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Watercolors As You've Never Seen Them

By Laura M. Browning in Arts & Entertainment on Jan 28, 2011 5:00PM

Watercolor is a notoriously tricky medium: it’s unforgiving at best, since you can’t paint over mistakes or change colors once you’ve applied the paint. And yet it’s also (oddly) associated with amateurs, from paint-by-numbers to “Sunday painters.”

The Art Institute has put together a stellar exhibit with John Marin's Watercolors: A Medium for Modernism, and Marin’s work is surprising on both planes. He defies traditional watercolor methods to produce paintings that are radical, colorful testimonies to the urban architecture of New York City, the craggy shorelines and pine trees of Maine, and the mountainous forms of New Mexico. The New York paintings are extraordinary—the buildings and trees sway together like dancers, no small achievement for a painter who had no formal training in watercolors. Marin’s exuberance comes through both in painting and in word: “There come days when I am glad to be alive and just to see the wonderful city in its different aspects and then say I will! I will! I will!”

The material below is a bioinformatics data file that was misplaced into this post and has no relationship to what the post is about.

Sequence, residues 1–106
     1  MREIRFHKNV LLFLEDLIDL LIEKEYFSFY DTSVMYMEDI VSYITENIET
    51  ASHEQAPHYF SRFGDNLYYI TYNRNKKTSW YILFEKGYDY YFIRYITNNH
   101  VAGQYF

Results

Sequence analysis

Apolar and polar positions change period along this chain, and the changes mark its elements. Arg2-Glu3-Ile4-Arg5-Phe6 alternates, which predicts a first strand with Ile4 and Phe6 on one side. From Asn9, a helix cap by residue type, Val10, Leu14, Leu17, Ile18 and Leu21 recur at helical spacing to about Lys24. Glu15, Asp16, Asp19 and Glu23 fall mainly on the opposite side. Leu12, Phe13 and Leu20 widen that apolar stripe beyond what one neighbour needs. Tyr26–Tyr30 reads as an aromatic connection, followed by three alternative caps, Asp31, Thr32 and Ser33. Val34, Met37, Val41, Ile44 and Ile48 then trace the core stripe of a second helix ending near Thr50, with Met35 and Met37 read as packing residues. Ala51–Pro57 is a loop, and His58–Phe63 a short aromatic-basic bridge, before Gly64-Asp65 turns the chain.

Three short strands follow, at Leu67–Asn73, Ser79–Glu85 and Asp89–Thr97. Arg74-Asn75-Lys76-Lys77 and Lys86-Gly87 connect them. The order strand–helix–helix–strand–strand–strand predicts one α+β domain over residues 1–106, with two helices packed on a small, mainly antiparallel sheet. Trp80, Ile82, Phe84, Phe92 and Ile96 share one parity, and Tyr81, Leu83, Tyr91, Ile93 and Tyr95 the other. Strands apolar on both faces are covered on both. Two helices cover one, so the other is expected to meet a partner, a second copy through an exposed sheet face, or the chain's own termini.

Marin was friends with photographer Alfred Stieglitz and painter Georgia O’Keeffe, a relationship the Art Institute examines through a handful of photographs that nicely complement the watercolors (40 of the paintings in the exhibit are from Stieglitz and O’Keeffe’s personal collection). O’Keeffe’s influence on Marin is subtly apparent, especially in his watercolors that walk the line between abstraction and representation.

As one of Stieglitz’s inner circle, Marin exhibited at his New York galleries, receiving excellent exposure during his lifetime, and was even named “America’s Number 1 Artist” a few years before his death in 1953. Marin’s nontraditional use of a traditional medium paved the way for Modernism, something that becomes clear as you move through this exhibit, which does an excellent job of highlighting the breakdown of boundaries between representative and abstract painting. An exhibit that is radical and accessible, gorgeous and challenging, John Marin’s Watercolors: A Medium for Modernism should be on your must-see list this spring.

John Marin’s Watercolors is on exhibit at the Art Institute of Chicago, 111 S. Michigan Ave., until April 17. Adult admission is $18, and the entire museum is free on weekdays through February 4.